Governor's Traffic Safety Committee


Joe Morrissey
Chet Lasell


Office of Communications
6 Empire State Plaza
Albany, NY 12228

June 11, 2015


The Governor's Traffic Safety Committee (GTSC) is accepting applications for Drug Recognition Expert (DRE) School. This training teaches law enforcement officers how to detect those impaired by drugs operating motor vehicles. The first phase of the training starts the week of Aug. 17-28 in Batavia, N.Y., with applications due by the close of business on Monday, June 15.

"Drugged driving is a growing problem in New York and nationwide, resulting in traffic crashes that often cause serious injuries and deaths," said DMV Deputy Commissioner Terri Egan. "Keeping our roadways as safe as possible for the motoring public is of paramount importance and I commend GTSC for making this training available to law enforcement officers statewide to help them recognize the signs of drug impairment in drivers."

The involvement of drugs is a serious issue in fatal crashes in New York State, with nearly one out of five fatalities (18 percent) being drug-related. Drug-related personal injury crashes have also been on an upward trend and have increased 21 percent between 2007 and 2012. This upward trend illustrates the importance of having properly trained law enforcement officers to detect drug impairment on our roadways. Detecting and analyzing a driver for drug impairment takes special training and knowledge. A fully trained Drug Recognition Expert (DRE) is highly skilled at using indicators to determine the impairment for either illegal substances or prescription drugs.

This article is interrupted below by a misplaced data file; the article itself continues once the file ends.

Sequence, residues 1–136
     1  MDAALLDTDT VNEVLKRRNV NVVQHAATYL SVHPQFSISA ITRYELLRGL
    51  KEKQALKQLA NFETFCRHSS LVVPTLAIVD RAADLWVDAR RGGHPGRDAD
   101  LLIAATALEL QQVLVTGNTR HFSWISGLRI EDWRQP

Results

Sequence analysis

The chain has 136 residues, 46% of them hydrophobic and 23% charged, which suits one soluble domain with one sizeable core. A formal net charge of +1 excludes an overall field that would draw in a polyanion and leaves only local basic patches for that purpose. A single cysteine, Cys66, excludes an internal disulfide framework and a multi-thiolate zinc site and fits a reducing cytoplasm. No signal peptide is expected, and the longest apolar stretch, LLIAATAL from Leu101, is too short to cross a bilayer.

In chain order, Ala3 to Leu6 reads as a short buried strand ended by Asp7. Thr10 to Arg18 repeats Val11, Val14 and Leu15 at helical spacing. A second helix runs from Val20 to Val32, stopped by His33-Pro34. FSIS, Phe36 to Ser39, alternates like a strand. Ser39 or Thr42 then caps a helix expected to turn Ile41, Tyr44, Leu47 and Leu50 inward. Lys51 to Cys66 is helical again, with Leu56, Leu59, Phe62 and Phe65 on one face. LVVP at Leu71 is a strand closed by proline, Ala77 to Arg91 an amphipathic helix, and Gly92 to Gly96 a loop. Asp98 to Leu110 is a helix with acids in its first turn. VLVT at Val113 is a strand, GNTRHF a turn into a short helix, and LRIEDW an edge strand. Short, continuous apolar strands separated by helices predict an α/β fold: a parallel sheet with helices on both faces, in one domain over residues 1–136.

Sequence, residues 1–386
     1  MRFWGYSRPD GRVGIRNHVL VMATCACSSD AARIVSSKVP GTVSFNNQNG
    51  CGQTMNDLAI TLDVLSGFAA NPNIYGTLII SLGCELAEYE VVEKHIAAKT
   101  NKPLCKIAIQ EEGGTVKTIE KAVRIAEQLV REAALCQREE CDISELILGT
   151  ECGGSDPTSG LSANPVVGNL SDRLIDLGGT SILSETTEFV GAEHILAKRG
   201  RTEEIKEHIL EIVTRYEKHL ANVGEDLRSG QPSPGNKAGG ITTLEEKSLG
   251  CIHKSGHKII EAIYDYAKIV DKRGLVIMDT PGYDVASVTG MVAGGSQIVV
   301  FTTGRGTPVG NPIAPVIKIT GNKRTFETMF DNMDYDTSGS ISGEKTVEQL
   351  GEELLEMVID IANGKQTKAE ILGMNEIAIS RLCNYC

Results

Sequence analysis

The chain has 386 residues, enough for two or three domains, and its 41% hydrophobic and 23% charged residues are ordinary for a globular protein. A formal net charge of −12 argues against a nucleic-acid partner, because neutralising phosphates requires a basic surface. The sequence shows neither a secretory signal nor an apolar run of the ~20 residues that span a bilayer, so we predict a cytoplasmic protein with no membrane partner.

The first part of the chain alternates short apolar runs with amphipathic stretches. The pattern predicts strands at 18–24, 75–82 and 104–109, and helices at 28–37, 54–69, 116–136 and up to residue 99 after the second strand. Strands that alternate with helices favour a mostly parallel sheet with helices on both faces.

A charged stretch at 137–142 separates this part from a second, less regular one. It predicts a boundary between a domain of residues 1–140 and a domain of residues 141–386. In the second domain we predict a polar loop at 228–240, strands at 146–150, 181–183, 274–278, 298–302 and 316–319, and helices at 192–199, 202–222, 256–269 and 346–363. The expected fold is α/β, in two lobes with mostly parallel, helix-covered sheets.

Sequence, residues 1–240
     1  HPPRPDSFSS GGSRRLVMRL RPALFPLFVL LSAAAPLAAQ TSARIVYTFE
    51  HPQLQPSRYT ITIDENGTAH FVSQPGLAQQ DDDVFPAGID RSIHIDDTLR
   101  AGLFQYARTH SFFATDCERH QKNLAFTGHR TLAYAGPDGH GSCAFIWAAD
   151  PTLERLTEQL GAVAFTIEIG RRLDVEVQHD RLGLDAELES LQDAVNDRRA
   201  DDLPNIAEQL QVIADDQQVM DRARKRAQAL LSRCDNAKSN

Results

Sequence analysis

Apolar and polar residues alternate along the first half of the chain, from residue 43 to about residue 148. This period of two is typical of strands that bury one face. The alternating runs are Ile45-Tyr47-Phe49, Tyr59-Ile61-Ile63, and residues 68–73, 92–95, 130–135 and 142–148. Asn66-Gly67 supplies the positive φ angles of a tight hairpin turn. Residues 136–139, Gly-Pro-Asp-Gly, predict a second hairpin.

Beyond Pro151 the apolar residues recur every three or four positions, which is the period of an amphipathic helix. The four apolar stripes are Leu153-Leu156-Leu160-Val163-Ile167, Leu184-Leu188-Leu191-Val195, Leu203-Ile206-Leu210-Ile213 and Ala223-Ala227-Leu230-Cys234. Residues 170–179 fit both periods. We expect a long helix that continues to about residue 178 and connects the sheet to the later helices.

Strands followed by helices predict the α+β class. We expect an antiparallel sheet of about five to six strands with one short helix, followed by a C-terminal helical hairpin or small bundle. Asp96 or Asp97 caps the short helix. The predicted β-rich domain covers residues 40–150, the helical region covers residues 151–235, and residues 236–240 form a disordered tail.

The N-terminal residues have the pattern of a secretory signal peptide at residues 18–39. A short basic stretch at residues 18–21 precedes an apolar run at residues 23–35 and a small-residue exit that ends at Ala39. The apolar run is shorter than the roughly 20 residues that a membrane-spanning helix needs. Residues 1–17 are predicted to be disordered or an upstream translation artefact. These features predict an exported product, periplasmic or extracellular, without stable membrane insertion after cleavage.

To be considered for DRE training, which is paid for by the Governor's Traffic Safety Committee, an applicant must have a minimum of two years of law enforcement service, be off probation with his or her agency and have successfully completed the National Highway Traffic Safety Administration (NHTSA) Standardized Field Sobriety Testing (SFST) Training. Applicants also must have successfully completed the classroom version of Advanced Roadside Impaired Driving Enforcement (ARIDE) training within the past five years and have a reasonable background and experience level of making DWI arrests.

This challenging and intensive DRE training program runs over 14 days, for a total of 120 hours. The academic training has two components: a two-day Pre-School program that prepares officers for the seven-day DRE School. Students must successfully pass a Standardized Field Sobriety Testing (SFST) proficiency exam and a written exam to advance to the DRE School.

Students in the Field Certification phase, under the supervision of Drug Recognition Instructors, will be required to complete a minimum of 12 evaluations on drug impaired individuals and correctly identify subjects under the influence of four of the seven drug categories. Students must also keep a progress log, rolling log and submit a comprehensive resume.

At the end of Field Certification, the student receives a two year certification after passing the Comprehensive Final Knowledge Examination. DRE officers must meet certain requirements to be considered for re-certification at the end of this period. Interested officers must submit a completed application, and supporting documentation, directly to GTSC via fax, email or U.S. Mail. Applications must be received at GTSC by close of business on Monday, June 15, 2015. The application can be found at:

Incomplete or late applications will not be considered.

DRE School applications are accepted only for scheduled classes and must be approved by the State Coordinator. You will be notified if your application has been approved. For more information about the DRE program and to see a list of currently scheduled classes, visit:


News Releases